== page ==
What is Rightsizing?
If you’re thinking about moving from your current dwelling, how much living space you need is vital in the decision-making process. Rightsizing your life can open you up to a world of new possibilities for retirement living.
What’s the difference between downsizing and rightsizing?
Downsizing means moving to a smaller residence and, therefore, getting rid of furniture and household items that you don’t need and that won’t fit into the new space.
Rightsizing is the conscious choice to create a life and a lifestyle that more sustainably aligns with your unique self in the best possible way at every stage. In other words, rightsizing your life means asking what’s really important, then aligning the way you live with those values, goals and needs. When you do that, you’re able to create a more fulfilling life.
Rightsizing for Seniors
For some, this may mean moving to a smaller residence, while others may decide they need more space than they currently have. Rightsizing can also mean choosing the simplicity, convenience, and opportunities that come with being part of a senior living community.
How do you decide which is right for you? Start by reflecting on your values, goals, and needs, both now and for the foreseeable future.
There’s more to your senior living choices than the size of your residence. Honestly evaluate these core values so you can make a decision that helps you live how you truly want to:
Having a strong and supportive social network
Finding purpose and fulfillment
Taking care of my mind, body and spirit
Having quality health care available if I need it
Having predictable living expenses
Making my own choices
Feeling true peace of mind about the future
Protecting my estate for my loved ones
Not burdening my family with becoming my caregiver
Now think about how your current residence — and its expenses. Does it support these values or get in the way? How would your living situation need to change for you to align your lifestyle with these values?
How do you want to spend your time and energy? What will make life more fulfilling for you? Use this list to start evaluating how you’re currently spending your time and what you’d like to do more of if you could.
Attending cultural events
Pursuing physical fitness activities
Spending time with friends
Learning something new
Attending a study group or book club
Swimming, biking, hiking, or golfing
Creatively expressing myself
Spending time with family
Caring Transitions, a senior relocation service, suggests that before deciding whether downsizing or rightsizing is best for you, you should consider five key needs:
Physical health. You or your spouse may have some health or mobility issues that make living in your current house more difficult. But even if you have excellent physical health now, you need to make sure your residence can accommodate potential future health or age-related needs.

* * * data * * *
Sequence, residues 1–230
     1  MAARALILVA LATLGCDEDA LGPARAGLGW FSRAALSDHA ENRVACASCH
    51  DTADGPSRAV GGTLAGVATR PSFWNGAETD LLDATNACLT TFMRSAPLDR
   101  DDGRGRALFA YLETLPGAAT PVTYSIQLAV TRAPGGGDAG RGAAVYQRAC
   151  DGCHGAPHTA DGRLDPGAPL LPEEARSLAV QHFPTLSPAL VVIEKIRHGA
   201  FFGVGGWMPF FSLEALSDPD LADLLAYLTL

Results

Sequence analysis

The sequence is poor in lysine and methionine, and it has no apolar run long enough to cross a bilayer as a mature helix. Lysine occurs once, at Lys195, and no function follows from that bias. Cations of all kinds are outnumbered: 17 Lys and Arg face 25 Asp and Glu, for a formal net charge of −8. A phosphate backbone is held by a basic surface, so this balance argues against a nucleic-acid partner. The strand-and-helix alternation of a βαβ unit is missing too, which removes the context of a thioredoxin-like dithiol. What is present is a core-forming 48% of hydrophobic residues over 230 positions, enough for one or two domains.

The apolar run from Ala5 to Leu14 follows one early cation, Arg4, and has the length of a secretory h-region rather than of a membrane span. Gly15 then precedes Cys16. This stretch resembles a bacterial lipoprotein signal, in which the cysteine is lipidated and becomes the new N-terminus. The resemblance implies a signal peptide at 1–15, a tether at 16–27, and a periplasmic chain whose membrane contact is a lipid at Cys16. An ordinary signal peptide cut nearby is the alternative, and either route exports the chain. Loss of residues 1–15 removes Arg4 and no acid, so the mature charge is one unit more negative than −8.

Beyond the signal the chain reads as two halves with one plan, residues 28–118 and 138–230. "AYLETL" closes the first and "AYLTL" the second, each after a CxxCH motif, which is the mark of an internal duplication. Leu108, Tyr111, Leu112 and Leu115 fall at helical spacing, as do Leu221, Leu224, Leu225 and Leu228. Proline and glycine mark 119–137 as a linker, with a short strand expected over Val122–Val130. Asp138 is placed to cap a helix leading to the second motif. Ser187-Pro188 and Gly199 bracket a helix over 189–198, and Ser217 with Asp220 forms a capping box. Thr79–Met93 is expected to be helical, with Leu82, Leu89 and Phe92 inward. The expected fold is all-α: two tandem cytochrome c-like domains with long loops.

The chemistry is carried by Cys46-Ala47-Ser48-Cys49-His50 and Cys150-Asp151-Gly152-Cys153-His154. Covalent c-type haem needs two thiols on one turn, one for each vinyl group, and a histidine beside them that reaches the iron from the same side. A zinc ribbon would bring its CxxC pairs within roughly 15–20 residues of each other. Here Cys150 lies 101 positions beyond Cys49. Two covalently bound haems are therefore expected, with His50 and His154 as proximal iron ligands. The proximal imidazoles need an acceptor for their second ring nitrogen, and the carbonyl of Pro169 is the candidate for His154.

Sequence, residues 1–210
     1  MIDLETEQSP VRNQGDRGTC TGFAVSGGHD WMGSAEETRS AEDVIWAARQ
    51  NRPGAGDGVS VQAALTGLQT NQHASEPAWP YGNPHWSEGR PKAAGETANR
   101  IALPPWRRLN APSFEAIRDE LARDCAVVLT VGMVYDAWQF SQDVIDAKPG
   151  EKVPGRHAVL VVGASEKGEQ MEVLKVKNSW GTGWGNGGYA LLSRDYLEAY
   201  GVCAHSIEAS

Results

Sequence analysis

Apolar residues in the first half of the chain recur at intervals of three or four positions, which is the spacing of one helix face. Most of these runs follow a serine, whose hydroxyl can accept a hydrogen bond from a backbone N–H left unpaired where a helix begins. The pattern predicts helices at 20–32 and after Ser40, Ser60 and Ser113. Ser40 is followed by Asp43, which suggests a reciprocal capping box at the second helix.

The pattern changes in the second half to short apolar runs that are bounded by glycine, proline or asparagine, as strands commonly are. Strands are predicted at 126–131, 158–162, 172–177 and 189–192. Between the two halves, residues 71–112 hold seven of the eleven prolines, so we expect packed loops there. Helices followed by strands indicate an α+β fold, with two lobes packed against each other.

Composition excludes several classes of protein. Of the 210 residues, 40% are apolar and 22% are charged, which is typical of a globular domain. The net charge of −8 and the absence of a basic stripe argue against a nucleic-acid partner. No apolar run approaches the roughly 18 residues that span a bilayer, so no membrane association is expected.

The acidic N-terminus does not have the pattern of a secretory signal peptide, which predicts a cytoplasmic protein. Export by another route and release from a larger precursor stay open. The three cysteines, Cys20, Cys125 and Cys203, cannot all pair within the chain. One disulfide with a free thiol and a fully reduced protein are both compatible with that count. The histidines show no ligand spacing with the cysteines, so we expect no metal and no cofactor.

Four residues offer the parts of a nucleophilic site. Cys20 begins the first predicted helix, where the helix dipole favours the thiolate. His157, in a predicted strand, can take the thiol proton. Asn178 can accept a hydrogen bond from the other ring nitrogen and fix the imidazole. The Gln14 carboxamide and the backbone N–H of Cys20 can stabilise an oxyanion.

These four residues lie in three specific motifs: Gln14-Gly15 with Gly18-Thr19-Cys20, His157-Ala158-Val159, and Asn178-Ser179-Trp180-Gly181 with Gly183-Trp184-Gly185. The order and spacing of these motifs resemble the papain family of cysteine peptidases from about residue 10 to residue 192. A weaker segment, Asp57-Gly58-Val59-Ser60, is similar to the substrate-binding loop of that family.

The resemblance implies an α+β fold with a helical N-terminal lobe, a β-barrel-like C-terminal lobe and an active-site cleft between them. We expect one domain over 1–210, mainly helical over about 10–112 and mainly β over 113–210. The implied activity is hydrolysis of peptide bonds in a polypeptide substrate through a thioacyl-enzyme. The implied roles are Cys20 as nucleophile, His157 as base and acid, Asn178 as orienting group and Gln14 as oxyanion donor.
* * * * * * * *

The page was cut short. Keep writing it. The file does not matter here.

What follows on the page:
Mental well-being. Maintenance and upkeep can be stressful and costly. Living too far away from activities and opportunities that keep you intellectually stimulated can impact brain health. And living where you’re isolated from others can increase your risk of cognitive decline. Seeking a residence that reduces your stress and increases the likelihood of improving your mental health is vital — no matter what the square footage is.
Financial plans. Many seniors worry about outliving their retirement funds. So as you evaluate your housing choices, factor in monthly expenses that come with each, as well as potential age-related home modifications and health care costs, so you can see how they’ll impact your finances in the long term.
Family. It’s common for seniors to move closer to family so they can spend more time together. If your adult children are spread out around the country, you’ll need to decide whether to move closer to one of them or to a more central location with a convenient travel hub.
Lifestyle. What kind of lifestyle do you want? If you want to focus on travel, you may want to find a smaller residence to serve as your home base. If you want to open your doors to family, friends and out-of-town guests, a place with extra room for hosting and entertaining may be in order.
Knowing the difference between downsizing and rightsizing makes a big difference in the practical aspects of making a move — and in your mindset about it. Author Gottberg sums it up this way: “Rightsizing is about being honest with yourself enough to figure out what you are spending money on and whether that money is worth the time, effort and spirit you invest earning it. Best of all, rightsizing is about finding what brings your life meaning, makes you smile, and allows you to sleep well and deeply every single night. If you don’t have that now, maybe it’s time to rightsize your life.”